Then, there’s this handy chart I found, which makes a wonderful testament to the value of a brief Google search:
Dred Scott (1857), 7-2 decision
– Denied citizenship to an entire class of people based on
– Property rights of slaveholder trump the interests of the
slave, who has no rights.
– Sought to decide the slavery issue once and for all, but
led to the Civil War.
– Overturned by Congress in the 13th, 14th, and 15th
Roe v. Wade (1973), 7-2 decision
– Denied personhood to an entire class of people based
– Privacy rights of mother trump the interests of the unborn
child, who has no rights.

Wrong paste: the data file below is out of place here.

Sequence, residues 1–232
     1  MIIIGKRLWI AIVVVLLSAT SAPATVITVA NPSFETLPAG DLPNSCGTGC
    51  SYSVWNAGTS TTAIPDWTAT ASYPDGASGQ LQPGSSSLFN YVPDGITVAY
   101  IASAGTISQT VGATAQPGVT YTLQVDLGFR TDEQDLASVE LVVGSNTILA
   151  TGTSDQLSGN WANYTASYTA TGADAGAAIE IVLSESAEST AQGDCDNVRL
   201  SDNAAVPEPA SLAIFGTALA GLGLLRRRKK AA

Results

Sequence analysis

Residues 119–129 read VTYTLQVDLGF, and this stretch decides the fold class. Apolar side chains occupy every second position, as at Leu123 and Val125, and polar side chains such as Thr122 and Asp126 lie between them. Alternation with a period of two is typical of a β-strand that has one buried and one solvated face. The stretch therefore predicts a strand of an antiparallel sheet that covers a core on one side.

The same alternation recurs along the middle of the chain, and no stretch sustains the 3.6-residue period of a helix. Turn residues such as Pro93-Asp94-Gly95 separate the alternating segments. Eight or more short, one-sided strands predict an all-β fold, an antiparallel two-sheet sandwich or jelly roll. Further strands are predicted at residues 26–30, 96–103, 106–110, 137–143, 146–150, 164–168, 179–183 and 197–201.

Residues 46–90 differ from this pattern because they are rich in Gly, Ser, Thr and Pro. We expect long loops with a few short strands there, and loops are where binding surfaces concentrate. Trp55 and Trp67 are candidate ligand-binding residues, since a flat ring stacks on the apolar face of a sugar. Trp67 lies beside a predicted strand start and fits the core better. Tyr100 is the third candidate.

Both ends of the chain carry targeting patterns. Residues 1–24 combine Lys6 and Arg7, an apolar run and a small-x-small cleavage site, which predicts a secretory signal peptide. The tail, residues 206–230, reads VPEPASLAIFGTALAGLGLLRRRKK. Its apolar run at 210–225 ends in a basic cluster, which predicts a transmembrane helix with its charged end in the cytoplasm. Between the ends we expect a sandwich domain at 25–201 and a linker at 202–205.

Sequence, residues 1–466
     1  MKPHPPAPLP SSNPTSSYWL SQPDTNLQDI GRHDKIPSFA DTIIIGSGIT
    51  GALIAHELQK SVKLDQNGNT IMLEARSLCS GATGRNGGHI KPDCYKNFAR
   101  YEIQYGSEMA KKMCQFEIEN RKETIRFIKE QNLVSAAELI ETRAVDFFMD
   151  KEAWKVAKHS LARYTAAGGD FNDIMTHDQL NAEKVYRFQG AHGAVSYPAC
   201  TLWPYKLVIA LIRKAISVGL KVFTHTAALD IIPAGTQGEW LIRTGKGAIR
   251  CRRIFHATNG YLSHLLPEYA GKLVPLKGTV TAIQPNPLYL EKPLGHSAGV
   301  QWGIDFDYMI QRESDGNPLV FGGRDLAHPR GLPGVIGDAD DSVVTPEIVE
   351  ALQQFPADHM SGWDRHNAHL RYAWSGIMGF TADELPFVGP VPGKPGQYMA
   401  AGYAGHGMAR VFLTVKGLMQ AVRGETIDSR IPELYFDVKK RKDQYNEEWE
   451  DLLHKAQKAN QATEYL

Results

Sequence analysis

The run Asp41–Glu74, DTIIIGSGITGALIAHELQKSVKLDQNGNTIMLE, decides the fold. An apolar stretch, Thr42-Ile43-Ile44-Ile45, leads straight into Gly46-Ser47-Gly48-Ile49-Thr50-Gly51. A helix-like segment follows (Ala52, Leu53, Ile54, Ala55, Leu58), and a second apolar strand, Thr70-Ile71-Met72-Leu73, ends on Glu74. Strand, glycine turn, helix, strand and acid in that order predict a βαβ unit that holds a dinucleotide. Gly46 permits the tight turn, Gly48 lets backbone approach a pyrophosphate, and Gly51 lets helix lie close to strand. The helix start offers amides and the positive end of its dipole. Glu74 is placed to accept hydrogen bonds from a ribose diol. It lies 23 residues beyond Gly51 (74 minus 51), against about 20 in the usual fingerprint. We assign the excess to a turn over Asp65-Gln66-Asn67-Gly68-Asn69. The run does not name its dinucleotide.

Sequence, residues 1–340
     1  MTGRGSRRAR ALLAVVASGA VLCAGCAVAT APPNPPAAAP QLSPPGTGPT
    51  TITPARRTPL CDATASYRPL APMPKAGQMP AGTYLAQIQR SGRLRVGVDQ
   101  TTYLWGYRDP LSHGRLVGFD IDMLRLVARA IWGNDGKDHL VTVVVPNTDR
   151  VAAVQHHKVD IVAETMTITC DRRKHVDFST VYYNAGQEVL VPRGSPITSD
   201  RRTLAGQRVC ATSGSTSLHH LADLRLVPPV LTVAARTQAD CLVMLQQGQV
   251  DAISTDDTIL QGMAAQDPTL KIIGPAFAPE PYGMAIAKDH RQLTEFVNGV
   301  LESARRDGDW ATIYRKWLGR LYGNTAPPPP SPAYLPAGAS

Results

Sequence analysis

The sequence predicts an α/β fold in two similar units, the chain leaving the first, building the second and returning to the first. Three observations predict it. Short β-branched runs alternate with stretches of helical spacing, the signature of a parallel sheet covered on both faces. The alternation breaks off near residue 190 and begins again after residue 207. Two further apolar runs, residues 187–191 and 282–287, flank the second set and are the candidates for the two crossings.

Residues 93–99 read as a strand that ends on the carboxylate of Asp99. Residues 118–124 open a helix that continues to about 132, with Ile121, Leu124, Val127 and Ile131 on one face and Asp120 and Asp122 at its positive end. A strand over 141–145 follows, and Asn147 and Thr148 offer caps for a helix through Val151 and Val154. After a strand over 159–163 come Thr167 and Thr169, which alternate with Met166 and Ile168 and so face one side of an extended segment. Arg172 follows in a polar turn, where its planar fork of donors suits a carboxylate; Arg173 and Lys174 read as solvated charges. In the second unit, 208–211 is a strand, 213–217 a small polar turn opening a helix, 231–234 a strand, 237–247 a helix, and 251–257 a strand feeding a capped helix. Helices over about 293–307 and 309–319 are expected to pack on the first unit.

– Sought to decide the abortion issue once and for all, but
over thirty years later the country is still divided.
– Ironically, Roe relied on the 14th Amendment, which
restored the human dignity that the Court had stripped
from persons of African descent, to deny that dignity to
the unborn over 100 years later.
This defense of Carson’s statement, as always, should not be taken a sign of my personal and undying support of Ben Carson as President. It should be viewed as a defense (period). Again, this may have just been a review for some. But, if this was uncomfortable news to you, I guess what I’m really trying to say is…